There is nothing out there quite like Donna Tartt’s 700-page novel The Goldfinch, which won the 2014 Pulitzer Prize for Fiction, among many other tributes. But there are several books also themed around the power of art, loss, fate and beauty that we know you’ll enjoy. If you loved The Goldfinch, check out these six books.
Search of the Moon King’s Daughter by Linda Holeman
When Emmaline’s father passes away from cholera, her family is forced to move to a mill town where her mother is injured in a factory accident and becomes addicted to laudanum. In a desperate move for more drugs, her mother sells Emmaline’s little brother Tommy to a chimney sweep company in London – forcing him into a very tough and painful life. Emmaline must find him before it’s too late.
Life After Life by Kate Atkinson
It’s 1910 and Ursula Todd is born – a stillborn – to a wealthy English family. That same cold night, Ursula Todd is born and lives to embark on a very unusual life of strange, repeated deaths, caught between two supernatural powers at war. She has the power to change civilization if she can only live long enough to try.
Bel Canto by Ann Patchett
Now a major motion picture starring Julianne Moore, this New York Times bestseller brings us the story of Roxanne Coss, opera’s most revered soprano. When she’s paid to perform in South America at a wealthy businessman’s birthday party, it promises to be the show of a lifetime. But then disaster strikes as she’s captured by terrorists. Unexpected emotions swirl as time passes during her imprisonment.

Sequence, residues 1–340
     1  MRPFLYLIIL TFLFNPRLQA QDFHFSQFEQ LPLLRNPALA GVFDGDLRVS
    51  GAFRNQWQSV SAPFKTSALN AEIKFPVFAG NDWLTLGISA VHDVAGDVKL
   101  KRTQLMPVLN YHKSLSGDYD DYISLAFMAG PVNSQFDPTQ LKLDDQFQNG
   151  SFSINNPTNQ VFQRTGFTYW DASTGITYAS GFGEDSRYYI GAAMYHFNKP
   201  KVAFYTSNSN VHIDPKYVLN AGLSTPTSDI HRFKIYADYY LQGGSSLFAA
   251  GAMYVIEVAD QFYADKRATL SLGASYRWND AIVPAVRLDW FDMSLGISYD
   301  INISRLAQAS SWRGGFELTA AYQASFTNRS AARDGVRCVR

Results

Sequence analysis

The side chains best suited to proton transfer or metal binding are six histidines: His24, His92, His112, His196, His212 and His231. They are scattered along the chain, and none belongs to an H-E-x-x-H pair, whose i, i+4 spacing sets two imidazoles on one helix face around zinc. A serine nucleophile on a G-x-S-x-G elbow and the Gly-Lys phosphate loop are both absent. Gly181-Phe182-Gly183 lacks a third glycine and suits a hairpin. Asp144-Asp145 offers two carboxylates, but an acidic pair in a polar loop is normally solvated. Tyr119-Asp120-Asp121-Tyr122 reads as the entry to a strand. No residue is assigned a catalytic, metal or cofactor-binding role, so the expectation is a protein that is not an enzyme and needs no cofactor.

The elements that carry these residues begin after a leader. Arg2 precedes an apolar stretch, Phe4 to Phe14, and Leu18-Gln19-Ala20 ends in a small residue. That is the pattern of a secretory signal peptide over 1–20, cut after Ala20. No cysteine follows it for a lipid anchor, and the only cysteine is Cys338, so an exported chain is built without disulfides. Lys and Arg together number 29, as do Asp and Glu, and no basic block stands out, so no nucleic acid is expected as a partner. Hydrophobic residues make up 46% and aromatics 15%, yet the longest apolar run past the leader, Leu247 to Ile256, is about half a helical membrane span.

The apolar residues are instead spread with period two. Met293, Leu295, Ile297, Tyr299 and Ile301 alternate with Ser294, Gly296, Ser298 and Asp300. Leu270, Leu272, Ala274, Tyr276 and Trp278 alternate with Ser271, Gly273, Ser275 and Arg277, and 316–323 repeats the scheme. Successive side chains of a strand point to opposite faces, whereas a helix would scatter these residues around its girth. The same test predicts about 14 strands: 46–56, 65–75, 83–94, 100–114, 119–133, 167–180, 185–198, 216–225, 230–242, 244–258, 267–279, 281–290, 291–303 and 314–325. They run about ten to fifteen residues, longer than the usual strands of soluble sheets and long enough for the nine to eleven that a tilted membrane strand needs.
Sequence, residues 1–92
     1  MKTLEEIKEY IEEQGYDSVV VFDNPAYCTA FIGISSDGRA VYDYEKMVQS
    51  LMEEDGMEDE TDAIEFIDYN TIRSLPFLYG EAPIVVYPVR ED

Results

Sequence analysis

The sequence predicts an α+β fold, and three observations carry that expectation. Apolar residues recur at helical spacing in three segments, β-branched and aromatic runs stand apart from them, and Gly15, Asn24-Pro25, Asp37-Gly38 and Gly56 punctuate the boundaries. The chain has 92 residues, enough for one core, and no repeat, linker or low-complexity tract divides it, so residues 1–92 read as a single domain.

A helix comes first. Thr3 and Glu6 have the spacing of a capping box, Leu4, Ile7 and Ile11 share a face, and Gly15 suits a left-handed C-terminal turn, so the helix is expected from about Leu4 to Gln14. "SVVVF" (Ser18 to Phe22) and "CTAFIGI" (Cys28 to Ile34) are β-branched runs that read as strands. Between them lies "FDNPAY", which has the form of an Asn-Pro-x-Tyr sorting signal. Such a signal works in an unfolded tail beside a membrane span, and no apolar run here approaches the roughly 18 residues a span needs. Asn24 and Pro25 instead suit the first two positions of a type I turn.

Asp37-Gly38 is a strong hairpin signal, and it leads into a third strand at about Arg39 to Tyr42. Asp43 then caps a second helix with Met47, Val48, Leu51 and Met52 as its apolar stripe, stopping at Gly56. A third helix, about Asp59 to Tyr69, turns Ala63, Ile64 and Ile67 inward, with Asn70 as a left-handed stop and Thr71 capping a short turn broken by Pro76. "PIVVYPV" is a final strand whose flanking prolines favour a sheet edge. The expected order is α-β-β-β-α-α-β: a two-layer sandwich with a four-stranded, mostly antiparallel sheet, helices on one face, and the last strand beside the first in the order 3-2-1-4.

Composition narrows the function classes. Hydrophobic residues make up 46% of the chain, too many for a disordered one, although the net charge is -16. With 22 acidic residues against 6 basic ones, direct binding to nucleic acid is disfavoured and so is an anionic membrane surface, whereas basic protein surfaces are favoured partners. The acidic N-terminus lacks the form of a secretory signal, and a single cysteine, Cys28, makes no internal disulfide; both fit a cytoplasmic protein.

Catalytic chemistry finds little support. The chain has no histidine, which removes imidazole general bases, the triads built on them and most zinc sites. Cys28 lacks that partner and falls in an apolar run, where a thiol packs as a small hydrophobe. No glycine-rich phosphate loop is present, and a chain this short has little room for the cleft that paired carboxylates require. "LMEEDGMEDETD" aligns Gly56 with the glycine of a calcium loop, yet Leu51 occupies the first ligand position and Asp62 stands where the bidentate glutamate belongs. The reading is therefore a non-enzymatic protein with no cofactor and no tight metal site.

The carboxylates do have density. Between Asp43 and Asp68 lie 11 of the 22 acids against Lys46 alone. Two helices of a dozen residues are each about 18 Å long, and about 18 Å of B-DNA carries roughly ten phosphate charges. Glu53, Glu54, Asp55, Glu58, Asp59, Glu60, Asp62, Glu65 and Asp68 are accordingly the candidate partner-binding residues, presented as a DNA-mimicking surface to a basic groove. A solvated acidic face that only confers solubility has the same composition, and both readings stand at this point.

Metropolis: A Novel by Elizabeth Gaffney
In the years immediately following the Civil War, young immigrants are rising from New York City in search of the American dream. Our hero is one of them, and throughout his journey, he encounters enterprising street gangs, the P.T. Barnum circus and the building of the Brooklyn Bridge. Both he and the city are changed forever in this extraordinary moment of time.
Between Shades of Gray by Ruta Sepetys
When 15-year-old Lina’s family home is raided and she’s forced into a Siberian work camp, she has only her art for comfort. She draws to process her emotions and the horrific events surrounding her, and before passing her drawings along, she imbeds clues to her location, praying they will find their way to her father’s prison camp. If her art can help her family survive, only time will tell.
The Year of Magical Thinking by Joan Didion
Tragedy struck twice in author Joan Didion’s life when her daughter slipped into a coma following septic shock, and days later when Didion’s husband suffered a massive and fatal coronary. Weeks later, her daughter pulled through, but things didn’t end there. Processing it all, Didion wrote an intimate and very honest exploration of marriage and love for family – in good times and bad.
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